Target the Wealthy?

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The ABC News/Washington Post poll reveals that 73% of Democrats are in favor of raising taxes on the rich population making $250,000+, 63% Independents, and only 39% of Republicans. Fiscally conservative Republican views must be taken into consideration and also voter/participant incomes. Opposition to limiting tax deductions peaks at 58% among $100,000+ income earners versus 47% of those earning less than $50,000.

Participants were also asked about "strong" opinions versus general likes and dislikes and the topic of Medicare coverage was also covered. Tax views depend greatly on ideological views, whereas Medicare opinions are similar across the political board and instead relates to age, with 78% of adults between the ages of 50 and 64 opposing the raise of Medicare eligibility age.

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The ABC News/Washington Post poll was conducted by Langer Research Associates of NY. 1,016 random adults were polled by landline and cell phone nationwide post-election from November 21st to 25th, 2012. The sampling error is 3.5 points.

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Obese kids & food ads

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Some benefits of the research study are the pre and post-tests that were done of all children in both groups of healthy children and obese children. The controlled variable was the showing of the 120 logos to the ten children and the pre and post-testing by MRI scans.

The downfalls of the study are the small-sized participant pool, the limited age range of participants, and the fact that television ads were not actually used in the study. Without scanning the children's brains whilst watching the ads and instead showing them food brand logos is slightly irrelevant and unsupportive of the outcomes the scientists were originally seeking. The logos prove recognition but not significance, and with that, obese children who consume more food are more likely to recognize a variety of logos as opposed to normal weight children.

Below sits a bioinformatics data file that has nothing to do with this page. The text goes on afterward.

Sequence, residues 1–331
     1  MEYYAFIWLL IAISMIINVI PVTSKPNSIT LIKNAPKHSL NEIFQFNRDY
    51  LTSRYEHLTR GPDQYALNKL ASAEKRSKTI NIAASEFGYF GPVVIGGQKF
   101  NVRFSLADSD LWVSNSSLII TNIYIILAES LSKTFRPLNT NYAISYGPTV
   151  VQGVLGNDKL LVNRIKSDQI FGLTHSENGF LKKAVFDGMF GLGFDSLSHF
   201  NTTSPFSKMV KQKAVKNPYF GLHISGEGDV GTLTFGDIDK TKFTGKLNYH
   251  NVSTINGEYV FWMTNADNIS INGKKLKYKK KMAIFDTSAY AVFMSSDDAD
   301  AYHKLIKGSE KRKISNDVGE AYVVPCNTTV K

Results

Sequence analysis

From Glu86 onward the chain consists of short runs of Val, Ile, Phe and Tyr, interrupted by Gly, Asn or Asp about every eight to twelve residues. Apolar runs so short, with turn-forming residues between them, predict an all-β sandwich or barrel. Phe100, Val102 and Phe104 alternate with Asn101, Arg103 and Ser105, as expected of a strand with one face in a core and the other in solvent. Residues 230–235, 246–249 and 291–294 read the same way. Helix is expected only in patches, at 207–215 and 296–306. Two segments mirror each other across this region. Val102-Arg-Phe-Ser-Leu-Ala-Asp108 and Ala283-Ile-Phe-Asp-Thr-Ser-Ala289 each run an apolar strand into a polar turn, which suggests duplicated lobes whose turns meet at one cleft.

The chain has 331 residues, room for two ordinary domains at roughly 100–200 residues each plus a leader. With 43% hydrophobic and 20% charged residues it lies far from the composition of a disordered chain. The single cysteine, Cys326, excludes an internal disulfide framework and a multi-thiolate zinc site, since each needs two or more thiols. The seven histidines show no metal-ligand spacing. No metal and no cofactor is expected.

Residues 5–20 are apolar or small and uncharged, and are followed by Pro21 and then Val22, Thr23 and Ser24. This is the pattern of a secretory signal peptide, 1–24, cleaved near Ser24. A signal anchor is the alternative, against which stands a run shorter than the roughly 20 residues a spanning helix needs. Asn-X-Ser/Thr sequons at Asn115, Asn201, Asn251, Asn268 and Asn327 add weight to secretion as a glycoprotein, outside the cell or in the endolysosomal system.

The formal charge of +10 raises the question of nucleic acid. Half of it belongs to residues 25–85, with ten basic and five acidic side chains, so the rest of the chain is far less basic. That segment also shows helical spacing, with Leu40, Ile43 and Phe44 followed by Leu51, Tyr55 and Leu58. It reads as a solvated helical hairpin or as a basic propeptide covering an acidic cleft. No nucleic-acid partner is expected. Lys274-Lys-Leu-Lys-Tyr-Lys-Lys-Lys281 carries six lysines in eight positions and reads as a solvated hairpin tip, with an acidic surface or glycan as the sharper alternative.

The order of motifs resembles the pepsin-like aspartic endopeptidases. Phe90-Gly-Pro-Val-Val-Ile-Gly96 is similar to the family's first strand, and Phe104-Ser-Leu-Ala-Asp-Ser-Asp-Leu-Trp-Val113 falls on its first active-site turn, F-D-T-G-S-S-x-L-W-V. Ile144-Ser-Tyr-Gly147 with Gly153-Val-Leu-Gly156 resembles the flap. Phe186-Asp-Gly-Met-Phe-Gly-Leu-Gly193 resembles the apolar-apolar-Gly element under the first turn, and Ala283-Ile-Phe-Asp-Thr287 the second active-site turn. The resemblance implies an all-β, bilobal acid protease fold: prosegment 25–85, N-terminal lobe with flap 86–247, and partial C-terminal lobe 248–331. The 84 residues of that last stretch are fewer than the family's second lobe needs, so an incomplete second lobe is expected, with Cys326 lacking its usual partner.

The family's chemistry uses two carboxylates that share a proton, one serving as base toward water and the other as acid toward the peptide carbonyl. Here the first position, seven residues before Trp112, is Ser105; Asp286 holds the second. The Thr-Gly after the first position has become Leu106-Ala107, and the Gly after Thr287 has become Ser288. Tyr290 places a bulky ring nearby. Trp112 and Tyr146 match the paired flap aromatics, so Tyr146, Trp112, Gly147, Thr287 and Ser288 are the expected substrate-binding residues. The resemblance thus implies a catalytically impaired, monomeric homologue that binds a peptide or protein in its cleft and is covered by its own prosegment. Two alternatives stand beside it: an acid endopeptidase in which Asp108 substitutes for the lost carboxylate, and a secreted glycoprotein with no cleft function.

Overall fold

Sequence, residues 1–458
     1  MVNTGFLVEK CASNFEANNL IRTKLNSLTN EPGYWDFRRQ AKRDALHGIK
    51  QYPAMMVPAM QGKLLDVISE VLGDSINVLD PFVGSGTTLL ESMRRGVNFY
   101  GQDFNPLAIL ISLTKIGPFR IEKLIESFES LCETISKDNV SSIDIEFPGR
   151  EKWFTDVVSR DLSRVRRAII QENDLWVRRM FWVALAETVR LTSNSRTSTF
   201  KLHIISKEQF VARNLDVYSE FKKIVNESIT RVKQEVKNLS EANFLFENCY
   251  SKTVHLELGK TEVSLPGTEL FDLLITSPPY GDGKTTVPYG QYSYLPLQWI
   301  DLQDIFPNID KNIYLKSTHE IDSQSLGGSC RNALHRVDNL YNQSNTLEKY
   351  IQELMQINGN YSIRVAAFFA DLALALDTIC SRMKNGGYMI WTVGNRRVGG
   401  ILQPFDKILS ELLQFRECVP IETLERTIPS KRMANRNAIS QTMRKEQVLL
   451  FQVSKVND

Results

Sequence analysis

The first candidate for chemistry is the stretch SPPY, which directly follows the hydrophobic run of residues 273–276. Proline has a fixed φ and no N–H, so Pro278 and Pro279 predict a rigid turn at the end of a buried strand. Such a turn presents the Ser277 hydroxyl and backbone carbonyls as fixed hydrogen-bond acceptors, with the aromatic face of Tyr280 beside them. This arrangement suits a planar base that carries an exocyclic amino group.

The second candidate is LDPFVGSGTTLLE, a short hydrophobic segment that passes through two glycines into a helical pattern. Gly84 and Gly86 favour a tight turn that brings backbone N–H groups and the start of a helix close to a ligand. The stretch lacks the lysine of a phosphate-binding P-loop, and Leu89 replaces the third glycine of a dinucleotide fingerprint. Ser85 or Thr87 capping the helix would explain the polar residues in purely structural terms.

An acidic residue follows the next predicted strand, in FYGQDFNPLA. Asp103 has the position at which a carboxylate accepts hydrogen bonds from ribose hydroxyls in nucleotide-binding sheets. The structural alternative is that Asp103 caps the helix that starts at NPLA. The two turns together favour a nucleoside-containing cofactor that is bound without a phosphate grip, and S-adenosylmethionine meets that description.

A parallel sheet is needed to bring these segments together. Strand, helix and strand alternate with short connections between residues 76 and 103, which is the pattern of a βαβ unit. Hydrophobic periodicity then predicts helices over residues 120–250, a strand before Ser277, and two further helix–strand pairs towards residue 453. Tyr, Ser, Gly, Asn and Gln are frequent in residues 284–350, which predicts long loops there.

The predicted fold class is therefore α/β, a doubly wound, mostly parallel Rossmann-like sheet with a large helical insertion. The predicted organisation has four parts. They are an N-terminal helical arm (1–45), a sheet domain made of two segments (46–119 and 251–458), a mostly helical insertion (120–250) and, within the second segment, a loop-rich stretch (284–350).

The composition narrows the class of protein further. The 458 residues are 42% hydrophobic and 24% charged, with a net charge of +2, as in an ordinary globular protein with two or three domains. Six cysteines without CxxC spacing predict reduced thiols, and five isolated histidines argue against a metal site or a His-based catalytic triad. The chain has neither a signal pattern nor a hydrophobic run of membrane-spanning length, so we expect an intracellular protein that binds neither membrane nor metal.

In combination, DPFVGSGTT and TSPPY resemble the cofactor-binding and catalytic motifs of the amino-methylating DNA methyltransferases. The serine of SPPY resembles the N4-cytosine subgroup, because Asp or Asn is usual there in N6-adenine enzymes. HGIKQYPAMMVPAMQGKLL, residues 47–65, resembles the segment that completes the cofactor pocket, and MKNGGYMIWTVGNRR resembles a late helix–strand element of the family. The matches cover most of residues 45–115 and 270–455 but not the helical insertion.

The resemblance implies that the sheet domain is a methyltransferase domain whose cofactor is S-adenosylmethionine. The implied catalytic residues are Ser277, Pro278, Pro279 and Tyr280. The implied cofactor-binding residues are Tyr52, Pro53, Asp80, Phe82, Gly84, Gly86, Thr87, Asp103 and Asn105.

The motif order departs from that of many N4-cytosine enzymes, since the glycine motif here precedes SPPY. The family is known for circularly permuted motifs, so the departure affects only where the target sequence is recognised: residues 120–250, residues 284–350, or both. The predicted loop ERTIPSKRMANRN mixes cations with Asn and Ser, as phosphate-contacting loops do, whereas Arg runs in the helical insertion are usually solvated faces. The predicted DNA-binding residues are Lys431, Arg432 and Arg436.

"Obese kids showed greater activation in the rewards and pleasure centers of the brain, which lit up when they saw the food logos, compared with when they saw non-food logos. Healthy weight kids on the other hand also showed signs of brain activation when shown the food labels, but in brain's self-control centers. Healthy weight children were also more likely to report greater self-control when surveyed after, compared with the obese children."

"In the 1950s and '60s, the favorite vegetable of children in the United States was spinach. That was because of Popeye." This is a statement from the article but no proof that consumption of spinach was directly caused by the popularity of Popeye, and could have merely been a coincidence. The 50s and 60s also had fewer junk food brands and higher consumption of vegetables that can be perhaps be credited to non-working mothers that cooked well-balanced meals for their children.

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This page is an archive of entries from December 2012 listed from newest to oldest.

November 2012 is the previous archive.